Research Highlight: How do our cells grow?

In a study recently published in Nature Cell Biology, Thierry Galli, leader of ENP team Membrane Traffic in Health and Pathology reveal a new mechanism involved in cell membrane growth.

Check out the article:

Maja Petkovic, Aymen Jemaiel, Frédéric Daste, Christian G. Specht, Ignacio Izeddin, Daniela Vorkel, Jean-Marc Verbavatz Xavier Darzacq, Antoine Triller, Karl H. Pfenninger, David Tareste, Catherine L. Jackson and Thierry Galli. The SNARE Sec22b has a non-fusogenic function in plasma membrane expansion. Nature 2014 

Some cells in our bodies need to increase their surface area significantly in order to perform their functions. This is particularly true of neurons, whose cell membrane surface area increases by 20% every day during development. When neurons reach maturity, their membrane surface area is 250,000 µm², totalling 25000 m² when all the neurons in the brain are considered. Starting at only ~1256 μm², the total surface area of the ensemble of brain neurons thus increases 200 times, eventually covering an area equivalent to 4 football fields. Read more in the Inserm Press Room.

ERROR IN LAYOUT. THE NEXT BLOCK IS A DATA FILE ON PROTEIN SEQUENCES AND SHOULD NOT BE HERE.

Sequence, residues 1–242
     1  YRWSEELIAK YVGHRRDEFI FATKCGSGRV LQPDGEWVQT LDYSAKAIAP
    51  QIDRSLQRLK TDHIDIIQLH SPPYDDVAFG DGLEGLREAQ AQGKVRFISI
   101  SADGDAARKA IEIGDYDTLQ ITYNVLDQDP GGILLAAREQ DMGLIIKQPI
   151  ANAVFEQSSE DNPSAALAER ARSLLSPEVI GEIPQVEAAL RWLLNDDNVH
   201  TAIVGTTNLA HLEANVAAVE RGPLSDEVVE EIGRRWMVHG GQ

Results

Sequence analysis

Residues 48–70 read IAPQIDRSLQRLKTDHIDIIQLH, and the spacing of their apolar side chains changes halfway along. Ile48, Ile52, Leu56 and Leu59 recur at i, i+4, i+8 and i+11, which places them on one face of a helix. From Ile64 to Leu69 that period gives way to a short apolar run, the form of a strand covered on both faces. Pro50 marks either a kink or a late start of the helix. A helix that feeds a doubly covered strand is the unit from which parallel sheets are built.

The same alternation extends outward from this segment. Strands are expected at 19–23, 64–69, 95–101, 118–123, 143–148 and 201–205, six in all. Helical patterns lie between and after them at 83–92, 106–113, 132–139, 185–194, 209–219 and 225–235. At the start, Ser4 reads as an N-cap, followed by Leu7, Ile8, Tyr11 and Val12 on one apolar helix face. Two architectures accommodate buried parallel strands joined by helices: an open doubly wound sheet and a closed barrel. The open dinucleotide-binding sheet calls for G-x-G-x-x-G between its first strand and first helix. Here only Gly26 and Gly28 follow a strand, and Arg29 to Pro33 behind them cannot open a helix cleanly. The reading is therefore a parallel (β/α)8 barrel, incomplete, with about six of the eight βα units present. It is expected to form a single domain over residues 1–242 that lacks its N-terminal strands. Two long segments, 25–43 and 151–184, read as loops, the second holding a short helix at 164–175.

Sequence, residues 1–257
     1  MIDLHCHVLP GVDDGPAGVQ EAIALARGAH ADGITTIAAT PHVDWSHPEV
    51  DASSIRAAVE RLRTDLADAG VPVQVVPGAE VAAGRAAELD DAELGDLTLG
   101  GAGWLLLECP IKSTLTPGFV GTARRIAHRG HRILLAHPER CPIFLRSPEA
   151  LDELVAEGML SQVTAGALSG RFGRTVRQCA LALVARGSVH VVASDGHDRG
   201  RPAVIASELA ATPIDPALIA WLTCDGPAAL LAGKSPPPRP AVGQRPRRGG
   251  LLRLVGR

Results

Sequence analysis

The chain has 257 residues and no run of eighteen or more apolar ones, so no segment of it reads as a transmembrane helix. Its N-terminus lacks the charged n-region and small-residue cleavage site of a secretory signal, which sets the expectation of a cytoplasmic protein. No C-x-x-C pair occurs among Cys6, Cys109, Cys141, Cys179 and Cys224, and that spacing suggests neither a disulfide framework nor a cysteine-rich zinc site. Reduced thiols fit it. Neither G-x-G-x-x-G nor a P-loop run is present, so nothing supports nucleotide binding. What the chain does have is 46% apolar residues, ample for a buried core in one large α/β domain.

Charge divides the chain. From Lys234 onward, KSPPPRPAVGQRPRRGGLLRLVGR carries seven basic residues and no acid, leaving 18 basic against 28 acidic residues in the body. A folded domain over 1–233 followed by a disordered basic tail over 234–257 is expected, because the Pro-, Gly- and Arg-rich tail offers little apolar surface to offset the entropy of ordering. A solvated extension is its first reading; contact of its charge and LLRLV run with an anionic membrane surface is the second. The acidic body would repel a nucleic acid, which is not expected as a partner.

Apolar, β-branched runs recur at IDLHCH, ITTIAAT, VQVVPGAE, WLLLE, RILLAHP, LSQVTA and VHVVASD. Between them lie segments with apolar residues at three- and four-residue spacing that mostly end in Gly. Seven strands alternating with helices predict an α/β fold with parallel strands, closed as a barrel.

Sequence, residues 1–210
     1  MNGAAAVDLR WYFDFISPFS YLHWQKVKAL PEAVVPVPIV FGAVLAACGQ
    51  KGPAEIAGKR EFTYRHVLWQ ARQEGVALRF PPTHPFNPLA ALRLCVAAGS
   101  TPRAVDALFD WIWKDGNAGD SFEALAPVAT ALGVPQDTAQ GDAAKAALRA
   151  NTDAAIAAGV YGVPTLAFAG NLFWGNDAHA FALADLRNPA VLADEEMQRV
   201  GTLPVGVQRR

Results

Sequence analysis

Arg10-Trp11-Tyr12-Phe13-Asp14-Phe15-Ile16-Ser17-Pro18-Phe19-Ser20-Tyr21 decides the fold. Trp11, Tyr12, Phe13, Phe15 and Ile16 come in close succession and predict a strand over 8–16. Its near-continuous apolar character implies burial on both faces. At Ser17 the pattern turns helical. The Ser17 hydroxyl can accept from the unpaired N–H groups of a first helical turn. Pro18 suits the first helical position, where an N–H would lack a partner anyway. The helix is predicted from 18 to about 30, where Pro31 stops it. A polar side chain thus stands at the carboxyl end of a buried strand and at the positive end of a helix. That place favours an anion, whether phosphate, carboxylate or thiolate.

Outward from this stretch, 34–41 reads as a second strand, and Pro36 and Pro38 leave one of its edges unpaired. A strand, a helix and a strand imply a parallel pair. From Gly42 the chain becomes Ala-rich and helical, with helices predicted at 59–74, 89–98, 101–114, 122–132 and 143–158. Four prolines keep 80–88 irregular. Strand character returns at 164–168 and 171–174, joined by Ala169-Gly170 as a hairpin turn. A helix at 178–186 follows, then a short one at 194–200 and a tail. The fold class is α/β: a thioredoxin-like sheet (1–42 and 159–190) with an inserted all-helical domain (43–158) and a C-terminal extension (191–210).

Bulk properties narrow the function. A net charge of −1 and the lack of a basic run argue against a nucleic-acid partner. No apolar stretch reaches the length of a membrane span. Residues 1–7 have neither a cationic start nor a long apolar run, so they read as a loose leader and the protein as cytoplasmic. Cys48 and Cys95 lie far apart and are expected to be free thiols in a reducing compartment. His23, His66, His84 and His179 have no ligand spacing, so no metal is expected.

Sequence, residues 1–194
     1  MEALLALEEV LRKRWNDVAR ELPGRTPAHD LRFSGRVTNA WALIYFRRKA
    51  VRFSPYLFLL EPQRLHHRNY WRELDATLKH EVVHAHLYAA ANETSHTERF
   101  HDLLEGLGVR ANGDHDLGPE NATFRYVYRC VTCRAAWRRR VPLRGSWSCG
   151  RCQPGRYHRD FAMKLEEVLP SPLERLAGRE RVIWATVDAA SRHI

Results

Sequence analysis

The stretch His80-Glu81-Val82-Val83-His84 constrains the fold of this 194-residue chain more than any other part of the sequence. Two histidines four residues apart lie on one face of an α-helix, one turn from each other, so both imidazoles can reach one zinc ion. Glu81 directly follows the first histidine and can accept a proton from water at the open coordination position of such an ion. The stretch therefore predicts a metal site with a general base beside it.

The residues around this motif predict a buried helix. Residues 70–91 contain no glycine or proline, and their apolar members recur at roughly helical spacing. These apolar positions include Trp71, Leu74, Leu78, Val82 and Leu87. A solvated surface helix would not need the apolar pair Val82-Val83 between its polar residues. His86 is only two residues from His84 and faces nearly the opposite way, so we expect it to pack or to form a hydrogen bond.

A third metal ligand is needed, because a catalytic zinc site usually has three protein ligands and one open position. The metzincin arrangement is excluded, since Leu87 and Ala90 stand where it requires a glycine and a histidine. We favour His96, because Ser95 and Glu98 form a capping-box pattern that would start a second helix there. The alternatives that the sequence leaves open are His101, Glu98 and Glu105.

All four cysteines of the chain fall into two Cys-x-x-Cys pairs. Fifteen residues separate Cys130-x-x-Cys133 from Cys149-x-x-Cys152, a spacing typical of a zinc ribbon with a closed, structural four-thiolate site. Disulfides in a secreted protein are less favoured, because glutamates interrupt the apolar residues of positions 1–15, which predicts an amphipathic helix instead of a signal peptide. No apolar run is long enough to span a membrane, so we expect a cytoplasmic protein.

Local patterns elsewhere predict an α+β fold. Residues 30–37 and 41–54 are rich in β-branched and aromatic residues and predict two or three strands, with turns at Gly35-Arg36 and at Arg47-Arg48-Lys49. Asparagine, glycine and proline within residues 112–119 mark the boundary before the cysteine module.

Figure: Special types of vesicular transport in rat hippocampal neurons after 3 days’ growth (SNARE proteins in red). © Inserm/Burgo, Andrea